National Contributions to Warming

Our collaborative research has generated a new database, revealing how countries have contributed to global warming through their emissions of key greenhouse gases since 1850.

The data provides a ‘ranking’ of countries that have contributed most to global warming, as well as insights into how they have changed in recent decades - for example, since 1992 when the United Nations Framework Convention on Climate Change (UNFCCC) was formed, representing a key milestone in international climate policy. This marks a new effort to track impacts in a critical decade for climate policy.


Due to their long-lived and powerful effects on climate, the emissions of carbon dioxide (CO2), methane (CH4) and nitrous oxides (N2O) are regulated by the UNFCCC, with targets set for CO2 through nationally determined contributions (NDCs) under the Paris Agreement. Around 90% of NDCs include targets for CH4 and N2O. 

Keeping track of the emissions of CO2, CH4 and N2O and the climatic responses is especially important for ensuring accountability with respect to NDCs. 


The study seeks to inform the first Global Stocktake of the UNFCCC, the process set out in the Paris Agreement to assess national progress towards achieving the pact’s goal to limit global warming to 1.5°C. The findings were presented at COP28.

“This dataset will prove a critical tool for tracking the effect of changing national emissions on warming, for example as a result of climate policies implemented since the Paris Agreement. During the coming years, we hope to see warming contributions by all countries level off as commitments are met or surpassed.”  

Dr Matt Jones


Dr Matt Jones led the study in which the team calculated the global mean surface temperature (GMST) response to emissions of CO2, CH4 and N2O gases that have made significant contributions to warming in the industrial era.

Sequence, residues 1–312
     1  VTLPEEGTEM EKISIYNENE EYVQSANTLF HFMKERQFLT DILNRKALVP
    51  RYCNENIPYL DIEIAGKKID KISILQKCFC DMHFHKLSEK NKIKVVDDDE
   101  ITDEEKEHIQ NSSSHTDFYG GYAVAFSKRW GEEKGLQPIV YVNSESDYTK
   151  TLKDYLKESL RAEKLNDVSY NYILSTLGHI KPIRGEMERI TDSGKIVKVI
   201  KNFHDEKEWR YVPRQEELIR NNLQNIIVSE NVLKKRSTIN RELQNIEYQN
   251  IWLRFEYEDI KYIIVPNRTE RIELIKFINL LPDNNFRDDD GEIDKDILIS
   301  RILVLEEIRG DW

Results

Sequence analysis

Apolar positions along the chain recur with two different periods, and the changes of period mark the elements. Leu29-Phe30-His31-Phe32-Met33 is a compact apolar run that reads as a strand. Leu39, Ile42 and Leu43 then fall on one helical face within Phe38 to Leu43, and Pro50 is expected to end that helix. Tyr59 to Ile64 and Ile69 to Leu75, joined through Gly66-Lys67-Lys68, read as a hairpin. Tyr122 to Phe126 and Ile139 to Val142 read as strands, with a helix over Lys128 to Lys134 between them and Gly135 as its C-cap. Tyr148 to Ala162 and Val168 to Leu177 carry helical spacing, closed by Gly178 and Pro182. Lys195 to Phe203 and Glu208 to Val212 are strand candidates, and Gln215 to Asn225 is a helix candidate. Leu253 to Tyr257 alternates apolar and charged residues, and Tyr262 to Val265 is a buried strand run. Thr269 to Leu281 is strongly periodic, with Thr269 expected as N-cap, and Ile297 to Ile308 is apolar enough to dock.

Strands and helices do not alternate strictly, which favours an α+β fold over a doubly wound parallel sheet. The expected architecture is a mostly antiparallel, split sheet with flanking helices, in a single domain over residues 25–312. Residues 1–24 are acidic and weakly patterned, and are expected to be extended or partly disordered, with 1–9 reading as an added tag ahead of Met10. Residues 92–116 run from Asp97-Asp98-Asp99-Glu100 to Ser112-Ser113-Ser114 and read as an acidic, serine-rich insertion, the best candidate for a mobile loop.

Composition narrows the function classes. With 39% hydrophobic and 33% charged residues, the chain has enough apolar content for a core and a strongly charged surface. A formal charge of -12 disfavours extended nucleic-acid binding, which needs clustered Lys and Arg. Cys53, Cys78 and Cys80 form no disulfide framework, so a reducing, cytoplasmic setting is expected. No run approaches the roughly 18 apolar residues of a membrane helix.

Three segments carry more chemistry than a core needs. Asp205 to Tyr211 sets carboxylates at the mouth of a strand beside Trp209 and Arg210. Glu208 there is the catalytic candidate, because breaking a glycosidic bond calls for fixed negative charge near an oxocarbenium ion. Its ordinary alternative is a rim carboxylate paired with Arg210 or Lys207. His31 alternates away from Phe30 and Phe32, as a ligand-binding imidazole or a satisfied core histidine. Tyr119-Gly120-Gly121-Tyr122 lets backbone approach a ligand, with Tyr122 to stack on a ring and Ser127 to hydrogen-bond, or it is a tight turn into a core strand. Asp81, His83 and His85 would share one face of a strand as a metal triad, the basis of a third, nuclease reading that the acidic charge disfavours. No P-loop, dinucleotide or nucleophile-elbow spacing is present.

The database also provides estimates of national contributions to warming resulting from emissions of each gas, including those from fossil fuel and land use sectors. 

The work, which involves members of team behind the Global Carbon Budget, builds on published records of historical emissions of CO2, CH4 and N2O from the pre-industrial period to 2021.

global emissions percentage map, source Matt Jones

The analysis found the top contributors to warming up to 2021, through the emissions of all three gases since 1850, were: USA (0.28°C / 17.3% of warming induced by global emissions of all three GHGs); China (0.20°C / 12.3%); Russia (0.10°C / 6.1%); Brazil (0.08°C / 4.9%); India (0.08°C / 4.8%); Indonesia, Germany, UK, Japan, Canada (each contributing 0.03-0.05°C).


map of land use, land use change and forestry, source Matt Jones


The research also highlights how the cause of national contributions can vary across countries at different stages of industrialisation. When considering all emissions since 1850, in half of the world’s countries, the land use and forestry sector still makes a dominant contribution to global warming.

Further ‘Key Insights’ from this study can be found under the ‘Discover More’ section below.

This dataset of national contributions, which is available via an online repository, is unique as it will be updated on a regular basis as new national figures become available.


This project, principally funded by the European Commission Horizon 2020 (H2020) VERIFY and published in the journal Scientific Data, brought together scientists from UEA, the Center for International Climate Research (CICERO) in Norway, the International Institute for Applied Systems Analysis (IIASA) in Austria, the Potsdam Institute for Climate Impact (PIK) and the Ludwig Maximilian University of Munich in Germany, the Woodwell Climate Research Center in the USA, and the University of Exeter in the UK. 

Dr Matt Jones

Matt is a NERC Independent Research Fellow in the School of Environmental Sciences and a member of the Tyndall Centre for Climate Change Research and the Climatic Research Unit (CRU) here at UEA.

His research primarily focuses on the carbon cycle and climate change, with a particular interest in understanding the factors that control wildfire and other landscape fires, and the consequences of fire for carbon storage on land and in aquatic environments. Matt’s involvement with the Global Carbon Project allows him to explore wider interests in how humans affect the carbon cycle and climate through our use of fossil fuel and land use change.

Discover More